Using XHTML/CSS for an Effective SEO Campaign

by Brandon Olejniczak

62 Reader Comments

Back to the Article
  1. Thanks for the article. Other than the grandma comment, which was rude, the article was brief but helpful. I’ve been doing SEM for years but haven’t had the opportunity to build a pure CSS-driven site yet. I’m looking forward to it, and if I need a little ammunition to convince others that it’s worthwhile, this article may help a little bit.

    By the way, my grandmother at 81 is making lovely use of the web.

    Cheers,
    Gradiva

    Copy & paste the code below to embed this comment.
  2. Can’t believe you’d call your grandmother “dimwitted.” That’s just mean.

    Copy & paste the code below to embed this comment.
  3. It’s interesting that the article doesn’t mention the (X)HTML code structure itself. For example, with the magic of CSS, I can have a left menu that actually gets coded on the page /after/ the main content, so even though my menu is entirely text-based, contains H1 tags, etc, when google spiders my page, it’ll use the beginning text – which is actually content – as the small summary in its results.

    Example -> http://quotes.prolix.nu/

    This site uses a tweaked version of the blue robot CSS code. Good stuff.

    Copy & paste the code below to embed this comment.
  4. Hi, i’m new to CSS layout. After 6 years of mucking up HTML, i discovered this method really recently, after being struck by espn’s site.
    Not seeing any tables was a shock. This article gave me a lot of simple pieces of advice. I will source it when i try to convince the management to switch to CSS layout for our clients.

    Copy & paste the code below to embed this comment.
  5. let’s say i don’t want to use a h1 tag, just an image? is there a way so that i still reveive good search egine results? thx

    Copy & paste the code below to embed this comment.
  6. Another potential benefit for SEO of CSS design is the ability to position content in the hierarchy of the HTML in order to have the most important (keyword-rich) content at the top.

    Example: the chairman wants his 500-word mission statement appear at the top of the page, with product information below it. CSS-P saves the day by allowing us to position the content that the search engines require at the top of the HTML and yet display the chairman’s waffle at the top of the displayed content.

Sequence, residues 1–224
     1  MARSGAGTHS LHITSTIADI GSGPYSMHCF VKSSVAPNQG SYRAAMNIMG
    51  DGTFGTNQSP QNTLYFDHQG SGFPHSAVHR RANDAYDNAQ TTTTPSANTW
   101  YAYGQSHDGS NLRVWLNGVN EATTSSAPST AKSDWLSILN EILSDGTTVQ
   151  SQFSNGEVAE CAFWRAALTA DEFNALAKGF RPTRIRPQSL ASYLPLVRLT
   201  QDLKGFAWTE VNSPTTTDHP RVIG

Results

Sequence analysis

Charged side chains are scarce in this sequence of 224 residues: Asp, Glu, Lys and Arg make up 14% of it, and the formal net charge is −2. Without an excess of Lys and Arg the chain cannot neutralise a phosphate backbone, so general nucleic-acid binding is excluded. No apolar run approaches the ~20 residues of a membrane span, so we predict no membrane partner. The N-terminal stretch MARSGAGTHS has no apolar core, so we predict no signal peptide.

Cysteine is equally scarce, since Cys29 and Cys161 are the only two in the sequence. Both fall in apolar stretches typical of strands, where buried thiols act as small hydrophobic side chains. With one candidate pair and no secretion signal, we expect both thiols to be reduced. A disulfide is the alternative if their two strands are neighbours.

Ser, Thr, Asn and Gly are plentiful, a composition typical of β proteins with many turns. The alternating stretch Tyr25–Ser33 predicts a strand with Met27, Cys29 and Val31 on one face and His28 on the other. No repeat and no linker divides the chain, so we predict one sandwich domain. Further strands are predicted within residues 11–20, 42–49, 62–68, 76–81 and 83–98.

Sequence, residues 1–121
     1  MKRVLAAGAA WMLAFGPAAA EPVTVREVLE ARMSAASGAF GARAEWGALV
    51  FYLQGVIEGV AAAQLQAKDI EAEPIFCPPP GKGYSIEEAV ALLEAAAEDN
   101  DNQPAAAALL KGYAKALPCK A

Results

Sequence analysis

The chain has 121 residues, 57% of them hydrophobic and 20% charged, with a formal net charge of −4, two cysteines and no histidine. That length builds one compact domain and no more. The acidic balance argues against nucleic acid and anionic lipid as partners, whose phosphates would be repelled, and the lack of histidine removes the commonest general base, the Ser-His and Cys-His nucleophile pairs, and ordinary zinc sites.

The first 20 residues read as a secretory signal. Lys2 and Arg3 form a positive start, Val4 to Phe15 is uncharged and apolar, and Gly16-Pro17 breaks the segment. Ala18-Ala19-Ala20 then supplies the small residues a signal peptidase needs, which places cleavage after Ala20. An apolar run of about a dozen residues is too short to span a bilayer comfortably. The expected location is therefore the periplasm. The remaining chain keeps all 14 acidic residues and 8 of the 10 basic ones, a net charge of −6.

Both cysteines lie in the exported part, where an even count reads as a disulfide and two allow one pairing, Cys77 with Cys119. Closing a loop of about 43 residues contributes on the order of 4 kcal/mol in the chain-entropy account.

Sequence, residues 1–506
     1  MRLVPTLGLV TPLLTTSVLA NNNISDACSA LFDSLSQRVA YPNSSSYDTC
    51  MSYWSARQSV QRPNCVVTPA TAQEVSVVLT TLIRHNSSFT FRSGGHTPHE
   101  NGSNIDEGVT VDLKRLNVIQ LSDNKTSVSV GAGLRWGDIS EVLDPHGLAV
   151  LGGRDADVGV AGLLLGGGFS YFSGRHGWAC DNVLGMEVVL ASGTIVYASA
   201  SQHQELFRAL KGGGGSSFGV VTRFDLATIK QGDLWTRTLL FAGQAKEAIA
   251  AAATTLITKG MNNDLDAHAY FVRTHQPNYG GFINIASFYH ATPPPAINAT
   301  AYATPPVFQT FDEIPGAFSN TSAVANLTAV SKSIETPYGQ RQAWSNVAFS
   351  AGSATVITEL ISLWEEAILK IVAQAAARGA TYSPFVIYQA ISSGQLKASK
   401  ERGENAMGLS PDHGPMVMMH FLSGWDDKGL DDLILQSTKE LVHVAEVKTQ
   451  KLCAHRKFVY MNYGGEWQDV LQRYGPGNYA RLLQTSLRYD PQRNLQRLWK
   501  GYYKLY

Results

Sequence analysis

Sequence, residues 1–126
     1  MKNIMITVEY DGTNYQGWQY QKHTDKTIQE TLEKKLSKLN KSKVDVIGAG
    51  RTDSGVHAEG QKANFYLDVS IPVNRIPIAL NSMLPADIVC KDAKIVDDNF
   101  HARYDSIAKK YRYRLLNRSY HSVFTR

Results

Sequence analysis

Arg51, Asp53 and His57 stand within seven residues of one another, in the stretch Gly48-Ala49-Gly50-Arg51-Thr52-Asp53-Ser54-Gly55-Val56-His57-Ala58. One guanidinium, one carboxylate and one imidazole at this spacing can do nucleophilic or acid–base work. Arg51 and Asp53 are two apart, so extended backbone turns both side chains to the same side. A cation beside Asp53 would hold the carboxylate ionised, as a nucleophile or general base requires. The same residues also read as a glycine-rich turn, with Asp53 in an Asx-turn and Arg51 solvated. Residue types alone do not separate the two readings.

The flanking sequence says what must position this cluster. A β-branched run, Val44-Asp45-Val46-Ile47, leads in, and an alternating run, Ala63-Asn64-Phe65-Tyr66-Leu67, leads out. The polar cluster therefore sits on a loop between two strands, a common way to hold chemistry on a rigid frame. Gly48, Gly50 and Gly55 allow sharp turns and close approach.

Copy & paste the code below to embed this comment.
  7. After reading the article I thought that it is time to put it to the test. I proposed to my marketing team to implement across Europe and see what results we get. Will provide feedback on rankings in 1 months time.

    Copy & paste the code below to embed this comment.
  8. In general terms, I’d say that the article is right, but I think that any designer hoping that his/her rankings will get a boost only because of the code/content ratio is in for some nasty surprises. It’s really one of the ranking factors, but is not by far one of the most importants.

    And, of course, it’s not necessary for a web to be in XHTML+CSS to achieve that ratio, old HTML+CSS will do fine, but I agree, it’s good that these good practices gets rooted in he XHTML way of coding.

    Copy & paste the code below to embed this comment.
  9. You can get a good placement without using a h1, but images has nothing to do with your placement ;)

    Copy & paste the code below to embed this comment.
  10. You called your grandmother completely dimwitted—enough said!

    Copy & paste the code below to embed this comment.
  11. Googlebot happens to love well marked-up websites + Googlebot loves a good code to content ratio.

    XHTML / CSS offers you both.

    Copy & paste the code below to embed this comment.
  12. I honestly think that the amount of code does not matter as long as the site is quick loading, and has at least some amount of content to be indexed (or sufficient link popularity to not need to worry about on the page factors.)

    Copy & paste the code below to embed this comment.